Everything is in except Alaska at this point. As I type this, Alaska is looking good for Trump – but only 7% of the vote is in:
Clinton has all but shut down Sanders, defying my own prediction of a preference cascade. Looking at the turnout numbers and breaking down the polls, however, it’s easy to see why I made the mistake. The number one second choice candidate for Sanders voters is… Trump. And GOP turnout has been roughly three times higher than Democratic turnout. What we can learn from that is that the voters Bernie needs to push him over the top have crossed the aisle to vote for Trump.
For the record, I still predict an anti-Clinton preference cascade. Except now it looks like we’ll have to wait until November for it.
Didn’t do what he needed to do tonight. What’s his play? He carries this all the way to the convention and racks up as many delegates as he can. He’ll have a formidable number and it’ll give him a lot of influence over the official party platform. Count on him to use that.
Somehow there are still people out there saying that the GOP race isn’t as over as the Democrat’s race. Trump didn’t hit his best case scenario tonight (running the table) but it was a pretty damn good night for him. By my math he’ll most likely have a quarter of the delegates he needs for the nomination by the time it all falls out. He also hit a magic number tonight: with 10 total wins (at least), he’s the first candidate to cross the magic threshold of 8 wins to allow his name to be officially thrown in the hat for the nomination. The remaining candidates have a good bit of catch-up to do if they want to reach that threshold as well.
To put it bluntly, he’s finished. I’m not sure where he goes from here. Does the establishment force him to stay in to keep hitting Trump with everything they’ve got? Or do they hold back their money and save it for later? I’m betting on the latter. My money says his funding dries up this week and he’s out, and he doesn’t even make it long enough to take a beating in his home state of Florida on the 15th. The establishment will find other, more cost effective ways to attack Trump.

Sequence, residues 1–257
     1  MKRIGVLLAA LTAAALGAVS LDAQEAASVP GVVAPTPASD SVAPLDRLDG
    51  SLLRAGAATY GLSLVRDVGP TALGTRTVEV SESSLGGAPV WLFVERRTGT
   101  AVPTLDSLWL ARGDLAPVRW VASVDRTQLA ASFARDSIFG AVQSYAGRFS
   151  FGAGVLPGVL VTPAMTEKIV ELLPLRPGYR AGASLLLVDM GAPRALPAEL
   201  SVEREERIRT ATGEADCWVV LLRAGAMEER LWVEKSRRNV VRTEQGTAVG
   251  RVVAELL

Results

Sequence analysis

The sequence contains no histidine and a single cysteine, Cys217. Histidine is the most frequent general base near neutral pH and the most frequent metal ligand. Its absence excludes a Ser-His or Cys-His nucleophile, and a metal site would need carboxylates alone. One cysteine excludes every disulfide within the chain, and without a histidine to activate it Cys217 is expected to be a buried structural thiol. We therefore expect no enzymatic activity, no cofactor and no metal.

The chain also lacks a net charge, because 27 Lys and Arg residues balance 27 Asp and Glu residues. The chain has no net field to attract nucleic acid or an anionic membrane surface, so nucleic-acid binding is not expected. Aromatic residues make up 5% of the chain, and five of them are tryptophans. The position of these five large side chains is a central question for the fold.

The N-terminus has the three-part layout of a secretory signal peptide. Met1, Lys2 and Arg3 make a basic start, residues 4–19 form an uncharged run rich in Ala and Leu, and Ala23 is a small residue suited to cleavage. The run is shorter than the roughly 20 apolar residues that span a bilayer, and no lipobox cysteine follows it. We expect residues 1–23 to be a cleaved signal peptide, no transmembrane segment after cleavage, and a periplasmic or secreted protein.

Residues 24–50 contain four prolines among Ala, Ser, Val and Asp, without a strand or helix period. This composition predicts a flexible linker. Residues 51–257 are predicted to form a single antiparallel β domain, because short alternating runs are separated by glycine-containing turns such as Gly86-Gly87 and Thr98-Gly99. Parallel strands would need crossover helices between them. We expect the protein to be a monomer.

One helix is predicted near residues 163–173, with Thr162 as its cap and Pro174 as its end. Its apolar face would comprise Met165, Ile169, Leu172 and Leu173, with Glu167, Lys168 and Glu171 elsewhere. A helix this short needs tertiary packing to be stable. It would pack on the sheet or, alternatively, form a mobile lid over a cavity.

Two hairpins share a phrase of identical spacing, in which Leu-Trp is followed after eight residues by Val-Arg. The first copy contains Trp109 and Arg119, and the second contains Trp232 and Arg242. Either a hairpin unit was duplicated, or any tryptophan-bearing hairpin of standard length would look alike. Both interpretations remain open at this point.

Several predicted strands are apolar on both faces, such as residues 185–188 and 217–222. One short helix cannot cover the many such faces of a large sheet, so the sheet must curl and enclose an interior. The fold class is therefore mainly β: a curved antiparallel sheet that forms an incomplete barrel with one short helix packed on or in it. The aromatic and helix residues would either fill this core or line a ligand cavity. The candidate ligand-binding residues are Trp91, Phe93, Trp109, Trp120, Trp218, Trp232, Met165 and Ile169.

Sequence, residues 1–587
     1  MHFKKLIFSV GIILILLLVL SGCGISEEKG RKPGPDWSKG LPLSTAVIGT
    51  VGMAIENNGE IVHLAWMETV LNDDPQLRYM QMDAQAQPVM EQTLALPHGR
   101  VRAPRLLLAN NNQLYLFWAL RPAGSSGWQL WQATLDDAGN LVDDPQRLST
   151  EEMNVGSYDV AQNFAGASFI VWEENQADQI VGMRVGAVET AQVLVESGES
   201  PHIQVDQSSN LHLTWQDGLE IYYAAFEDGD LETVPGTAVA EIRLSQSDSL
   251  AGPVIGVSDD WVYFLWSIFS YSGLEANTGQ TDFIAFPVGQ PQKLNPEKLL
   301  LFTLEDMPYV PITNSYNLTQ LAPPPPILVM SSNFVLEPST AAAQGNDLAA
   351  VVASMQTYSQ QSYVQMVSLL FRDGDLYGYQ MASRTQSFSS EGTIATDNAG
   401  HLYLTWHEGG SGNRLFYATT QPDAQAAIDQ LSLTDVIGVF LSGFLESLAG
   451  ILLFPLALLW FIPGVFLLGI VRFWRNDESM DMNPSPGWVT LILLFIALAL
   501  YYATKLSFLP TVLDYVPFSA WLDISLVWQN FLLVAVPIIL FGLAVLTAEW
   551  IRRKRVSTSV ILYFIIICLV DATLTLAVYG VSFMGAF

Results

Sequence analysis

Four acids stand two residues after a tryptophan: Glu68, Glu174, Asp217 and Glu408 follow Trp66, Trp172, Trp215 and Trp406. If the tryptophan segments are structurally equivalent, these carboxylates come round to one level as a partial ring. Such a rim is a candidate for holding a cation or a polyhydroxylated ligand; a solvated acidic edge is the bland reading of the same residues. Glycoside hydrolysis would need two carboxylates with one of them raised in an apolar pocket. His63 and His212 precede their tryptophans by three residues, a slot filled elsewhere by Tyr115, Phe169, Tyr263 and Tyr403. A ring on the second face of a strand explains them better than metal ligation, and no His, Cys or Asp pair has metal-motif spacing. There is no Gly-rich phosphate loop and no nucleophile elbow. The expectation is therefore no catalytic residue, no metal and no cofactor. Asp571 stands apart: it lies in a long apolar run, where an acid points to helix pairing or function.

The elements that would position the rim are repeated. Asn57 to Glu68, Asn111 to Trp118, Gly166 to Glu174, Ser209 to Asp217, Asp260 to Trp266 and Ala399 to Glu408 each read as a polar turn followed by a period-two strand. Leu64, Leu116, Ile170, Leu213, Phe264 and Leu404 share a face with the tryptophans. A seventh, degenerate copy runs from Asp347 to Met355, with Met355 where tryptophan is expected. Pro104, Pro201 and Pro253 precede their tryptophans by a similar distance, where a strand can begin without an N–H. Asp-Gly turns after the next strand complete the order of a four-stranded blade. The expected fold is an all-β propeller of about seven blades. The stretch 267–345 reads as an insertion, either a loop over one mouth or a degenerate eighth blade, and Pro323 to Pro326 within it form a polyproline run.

A better than expected night, but still not where he needs to be. The upshot: this is now a two-man race. The downshot: don’t expect him to pick up all of Rubio’s voters, or even a majority. Especially if Rubio hangs around for a bit. My suspicion is that Cruz’s appeal is limited outside of the deeply conservative evangelical circles and that more of Rubio’s voters go to Trump than Cruz. A two man race doesn’t favor him the way he seems to think it should.
Their guy can’t win anything except the kind of caucus states where they can play every card they’ve got. My gut says the fold on Rubio and put all of their money on Hillary.
- Nevada & South Carolina Post Mortem
- Four Way Race in November?
- South Carolina 2016
- Can Rubio and Cruz Afford the Fight?
- The Stupidest Thing Nate Silver Has Ever Said